DOR BioPharma initiates botulinum program

Related tags Antibody

DOR BioPharma has announced the initiation of drug design program
to identify oral, small molecule drugs to counter the effects of
botulinum toxin exposure. Currently, there are no clinically
acceptable drugs that either slow or reverse the effects of
botulinum toxin.

Capitalising on research, which focused on structure/function relationships of botulinum toxin done by Lance Simpson, the inventor of DOR's oral botulinum toxin vaccine, BT-VACC, DOR has entered into an agreement with Blue Dolphin, a firm specialising in rational drug design, to apply computer-aided design to the discovery of new leads against botulinum toxin.

Under the terms of the agreement, Blue Dolphin will propose novel drug-like inhibitors of the botulinum toxin by targeting a new site on the toxin's structure. Millions of candidate molecules will be modelled for structural and chemical fit to the target site on the toxin using computer aided discovery techniques.

By focusing on the structure of the botulinum toxin, as opposed to derivatives of previously known inhibitors, this "virtual screening" will allow DOR to target new parts of the toxin with new candidate inhibitors.

"I am eager to begin screening drugs utilising new targets in botulinum toxin,"​ said Simpson, "I believe it is essential that we begin the process of finding new post-exposure countermeasures against the botulinum toxin."

The latest research is designed to complement DOR's BT-VACC, oral botulinum toxin vaccine program, which can be formulated as a multivalent, solid oral dosage form. The oral formulation may be sufficiently stable for stockpiling and storage, ideal for rapid distribution and vaccination for military use or civilian vaccination in response to bio-terrorism.

Oral administration of BT-VACC for serotype A produces protective antibodies that afford protection or prolonged survival of treated animals against 30,000 times the lethal dose of botulinum toxin serotype A. Initial studies of BT-VACC for serotype B are ongoing and both the antibody response and protection data are encouraging.

DOR's BT-VACC, oral botulinum toxin vaccine program is attempting to develop a multivalent vaccine consisting of polypeptide fragments of the heavy chain of the botulinum toxin molecule. These fragments retain the domains important for eliciting a protective immune response against the toxin as well as retaining the capacity to bind to epithelial cells in the airways and the gastrointestinal tract.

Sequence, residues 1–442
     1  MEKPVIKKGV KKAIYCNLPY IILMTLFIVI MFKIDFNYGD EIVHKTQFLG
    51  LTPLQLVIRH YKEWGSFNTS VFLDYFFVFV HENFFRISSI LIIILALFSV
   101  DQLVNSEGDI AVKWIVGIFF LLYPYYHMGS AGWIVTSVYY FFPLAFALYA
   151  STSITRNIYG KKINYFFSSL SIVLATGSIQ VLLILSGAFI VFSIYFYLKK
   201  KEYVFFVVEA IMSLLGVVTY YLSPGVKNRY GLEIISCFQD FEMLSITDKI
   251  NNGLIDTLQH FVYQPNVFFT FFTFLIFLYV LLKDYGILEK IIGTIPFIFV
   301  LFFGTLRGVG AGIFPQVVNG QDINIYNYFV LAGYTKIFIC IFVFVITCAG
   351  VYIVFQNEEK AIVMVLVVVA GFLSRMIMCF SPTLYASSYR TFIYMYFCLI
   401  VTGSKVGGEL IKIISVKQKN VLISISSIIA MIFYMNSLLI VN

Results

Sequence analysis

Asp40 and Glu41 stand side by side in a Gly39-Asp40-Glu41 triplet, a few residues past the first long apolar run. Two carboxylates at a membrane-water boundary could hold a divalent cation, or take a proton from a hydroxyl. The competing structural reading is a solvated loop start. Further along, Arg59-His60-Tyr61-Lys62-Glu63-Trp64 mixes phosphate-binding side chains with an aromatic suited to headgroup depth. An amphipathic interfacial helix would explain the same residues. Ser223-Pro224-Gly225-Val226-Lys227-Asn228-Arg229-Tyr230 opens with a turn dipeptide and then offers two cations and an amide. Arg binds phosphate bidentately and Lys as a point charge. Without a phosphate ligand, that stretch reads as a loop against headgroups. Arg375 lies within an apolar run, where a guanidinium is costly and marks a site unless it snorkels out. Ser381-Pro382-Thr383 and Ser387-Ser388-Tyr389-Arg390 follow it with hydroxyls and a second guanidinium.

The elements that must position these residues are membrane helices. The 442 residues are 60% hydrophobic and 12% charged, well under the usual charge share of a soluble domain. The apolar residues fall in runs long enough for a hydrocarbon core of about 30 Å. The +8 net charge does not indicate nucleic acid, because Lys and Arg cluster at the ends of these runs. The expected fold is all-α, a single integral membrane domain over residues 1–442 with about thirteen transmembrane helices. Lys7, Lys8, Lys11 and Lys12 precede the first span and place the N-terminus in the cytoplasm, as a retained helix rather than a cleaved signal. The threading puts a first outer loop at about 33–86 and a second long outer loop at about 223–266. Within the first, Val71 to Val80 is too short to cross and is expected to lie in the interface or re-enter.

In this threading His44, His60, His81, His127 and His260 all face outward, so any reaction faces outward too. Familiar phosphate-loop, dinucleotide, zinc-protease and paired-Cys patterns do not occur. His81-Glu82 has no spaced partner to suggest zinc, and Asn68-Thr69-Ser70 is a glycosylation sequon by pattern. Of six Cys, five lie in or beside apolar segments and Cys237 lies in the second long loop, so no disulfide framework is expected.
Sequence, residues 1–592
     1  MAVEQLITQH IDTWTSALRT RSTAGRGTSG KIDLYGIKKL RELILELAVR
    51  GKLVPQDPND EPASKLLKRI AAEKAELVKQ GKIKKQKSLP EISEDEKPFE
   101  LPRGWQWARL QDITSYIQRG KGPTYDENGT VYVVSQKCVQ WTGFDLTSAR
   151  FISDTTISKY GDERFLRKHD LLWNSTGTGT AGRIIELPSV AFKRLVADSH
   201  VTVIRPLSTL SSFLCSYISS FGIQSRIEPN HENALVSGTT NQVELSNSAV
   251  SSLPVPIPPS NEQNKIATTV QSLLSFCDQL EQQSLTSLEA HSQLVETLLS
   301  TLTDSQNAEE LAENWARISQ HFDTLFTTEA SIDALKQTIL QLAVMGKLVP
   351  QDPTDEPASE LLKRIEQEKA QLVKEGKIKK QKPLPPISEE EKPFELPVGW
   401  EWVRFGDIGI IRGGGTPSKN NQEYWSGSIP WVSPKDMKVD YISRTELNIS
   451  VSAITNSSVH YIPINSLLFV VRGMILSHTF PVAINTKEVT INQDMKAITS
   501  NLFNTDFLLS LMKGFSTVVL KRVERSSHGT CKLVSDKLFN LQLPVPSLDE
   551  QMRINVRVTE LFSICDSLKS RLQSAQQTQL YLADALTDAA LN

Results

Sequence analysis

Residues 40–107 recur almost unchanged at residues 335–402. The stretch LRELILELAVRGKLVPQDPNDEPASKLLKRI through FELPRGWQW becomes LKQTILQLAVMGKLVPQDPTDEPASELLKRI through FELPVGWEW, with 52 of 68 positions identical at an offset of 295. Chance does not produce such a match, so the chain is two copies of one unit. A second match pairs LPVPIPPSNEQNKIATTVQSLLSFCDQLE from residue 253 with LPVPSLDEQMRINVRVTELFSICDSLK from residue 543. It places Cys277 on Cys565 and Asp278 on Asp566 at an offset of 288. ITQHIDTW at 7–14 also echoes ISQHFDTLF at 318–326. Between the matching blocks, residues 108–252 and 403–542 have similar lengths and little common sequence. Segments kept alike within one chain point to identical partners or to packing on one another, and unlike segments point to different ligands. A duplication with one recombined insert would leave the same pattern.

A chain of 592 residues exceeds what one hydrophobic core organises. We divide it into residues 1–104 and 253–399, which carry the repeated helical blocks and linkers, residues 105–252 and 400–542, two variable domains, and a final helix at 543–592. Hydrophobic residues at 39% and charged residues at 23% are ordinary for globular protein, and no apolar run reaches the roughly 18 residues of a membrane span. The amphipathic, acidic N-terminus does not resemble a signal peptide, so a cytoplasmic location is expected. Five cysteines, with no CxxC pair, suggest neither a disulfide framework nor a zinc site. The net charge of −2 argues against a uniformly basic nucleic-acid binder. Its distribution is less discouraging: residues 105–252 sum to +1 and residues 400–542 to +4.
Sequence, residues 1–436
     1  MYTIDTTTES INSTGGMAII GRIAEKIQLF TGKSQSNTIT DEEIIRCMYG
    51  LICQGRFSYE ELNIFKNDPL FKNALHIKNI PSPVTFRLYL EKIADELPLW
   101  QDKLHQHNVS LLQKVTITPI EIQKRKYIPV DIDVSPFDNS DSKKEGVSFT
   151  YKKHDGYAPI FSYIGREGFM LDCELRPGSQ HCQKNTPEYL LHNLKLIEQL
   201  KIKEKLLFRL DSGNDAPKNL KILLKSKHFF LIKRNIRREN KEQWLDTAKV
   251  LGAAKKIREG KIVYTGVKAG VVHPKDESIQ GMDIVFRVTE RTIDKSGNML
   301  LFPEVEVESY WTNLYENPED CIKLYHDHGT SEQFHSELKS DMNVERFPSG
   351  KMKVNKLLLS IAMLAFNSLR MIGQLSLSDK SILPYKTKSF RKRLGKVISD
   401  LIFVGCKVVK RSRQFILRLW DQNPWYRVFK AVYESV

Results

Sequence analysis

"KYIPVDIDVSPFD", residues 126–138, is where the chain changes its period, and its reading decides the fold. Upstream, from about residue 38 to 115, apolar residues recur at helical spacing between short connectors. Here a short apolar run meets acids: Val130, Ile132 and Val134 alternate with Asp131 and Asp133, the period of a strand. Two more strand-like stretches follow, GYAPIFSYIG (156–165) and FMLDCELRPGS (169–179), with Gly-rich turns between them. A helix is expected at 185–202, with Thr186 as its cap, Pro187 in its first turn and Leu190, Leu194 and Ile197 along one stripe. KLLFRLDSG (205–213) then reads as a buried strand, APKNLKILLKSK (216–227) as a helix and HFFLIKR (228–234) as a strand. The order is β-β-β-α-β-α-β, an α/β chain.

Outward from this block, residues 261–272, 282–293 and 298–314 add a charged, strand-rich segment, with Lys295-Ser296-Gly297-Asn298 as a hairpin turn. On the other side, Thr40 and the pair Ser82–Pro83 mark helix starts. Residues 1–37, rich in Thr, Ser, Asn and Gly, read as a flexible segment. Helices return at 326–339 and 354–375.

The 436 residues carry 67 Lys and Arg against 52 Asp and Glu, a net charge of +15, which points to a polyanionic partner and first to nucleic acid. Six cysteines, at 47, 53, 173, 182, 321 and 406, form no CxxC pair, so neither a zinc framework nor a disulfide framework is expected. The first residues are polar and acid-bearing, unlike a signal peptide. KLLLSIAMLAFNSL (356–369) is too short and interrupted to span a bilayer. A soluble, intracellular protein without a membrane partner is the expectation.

These truncated derivatives of the heavy chain lack any of the enzymic functions of the intact molecule and are completely safe. When administered intranasally, the heavy chain of the botulinum serotype A elicits a strong neutralising antibody response and protects against challenge with high doses of botulinum toxin in mice.

Development of botulinum toxin countermeasures is a top priority for the US government as they have allocated $1.7 billion (€1.3 billion) to establish and stockpile them under Project Bioshield. The special status of the research undertaken by DOR BioPharma​ means they also qualify for FDA's abbreviated review process.

Botulinum toxin is an potent neurotoxin synthesised by three strains of bacteria (Clostridium botulinum, Clostridium butyricum and Clostridium beratii). The toxin is known to exist in seven different serotypes, designated A to G, but only three (A, B and E) account for almost all human cases of disease. The Centres for Disease Control and Prevention (CDC) has classified botulinum toxin as a Category A biothreat because of its extreme potency and lethality.

Exposure to botulinum toxin in the nanogram range results in blockage of peripheral nerve function and descending flaccid paralysis ultimately leading to death. Botulinum toxin has been previously used in a number of documented incidents. Subsequent to the 1991 Persian Gulf War, Iraq admitted to the United Nations inspection team to having produced 19,000 litres of concentrated botulinum toxin, with approximately 10,000 litres loaded into military weapons.

Current treatment for botulinum toxin exposure in adults consists of supportive care and post-exposure passive immunization with equine antitoxins. These antitoxins include a bivalent and monovalent antitoxin that consist of neutralising antibodies which are in limited supply from the CDC and have been associated with serious adverse reactions.

Passive immunotherapy with antitoxins is only effective if administered within a narrow window of time post-exposure (18-36 hours) before the onset of symptoms.

Related topics Preclinical Research

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